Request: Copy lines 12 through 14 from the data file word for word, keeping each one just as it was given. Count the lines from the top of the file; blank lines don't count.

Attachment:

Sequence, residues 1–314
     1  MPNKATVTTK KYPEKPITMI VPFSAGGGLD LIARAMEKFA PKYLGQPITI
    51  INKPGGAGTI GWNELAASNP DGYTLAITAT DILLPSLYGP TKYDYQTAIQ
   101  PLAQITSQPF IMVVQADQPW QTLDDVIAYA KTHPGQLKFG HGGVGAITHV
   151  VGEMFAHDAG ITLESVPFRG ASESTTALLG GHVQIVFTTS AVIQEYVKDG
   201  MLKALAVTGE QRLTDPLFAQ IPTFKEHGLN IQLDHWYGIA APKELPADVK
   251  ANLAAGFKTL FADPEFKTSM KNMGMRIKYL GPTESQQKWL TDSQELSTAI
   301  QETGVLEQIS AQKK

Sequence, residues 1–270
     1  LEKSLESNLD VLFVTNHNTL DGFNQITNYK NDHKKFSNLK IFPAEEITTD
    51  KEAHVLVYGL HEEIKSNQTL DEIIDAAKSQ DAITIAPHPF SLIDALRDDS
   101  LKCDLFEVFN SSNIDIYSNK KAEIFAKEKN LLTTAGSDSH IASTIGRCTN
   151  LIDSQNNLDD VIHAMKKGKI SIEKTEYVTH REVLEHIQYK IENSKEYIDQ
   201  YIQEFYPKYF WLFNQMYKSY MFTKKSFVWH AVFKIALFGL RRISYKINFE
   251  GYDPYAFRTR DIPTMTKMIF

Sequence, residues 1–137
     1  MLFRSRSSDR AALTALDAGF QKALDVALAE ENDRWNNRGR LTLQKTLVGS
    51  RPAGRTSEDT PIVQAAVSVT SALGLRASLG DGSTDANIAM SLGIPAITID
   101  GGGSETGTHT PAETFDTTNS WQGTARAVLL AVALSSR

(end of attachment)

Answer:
   101  LKCDLFEVFN SSNIDIYSNK KAEIFAKEKN LLTTAGSDSH IASTIGRCTN
   151  LIDSQNNLDD VIHAMKKGKI SIEKTEYVTH REVLEHIQYK IENSKEYIDQ
   201  YIQEFYPKYF WLFNQMYKSY MFTKKSFVWH AVFKIALFGL RRISYKINFE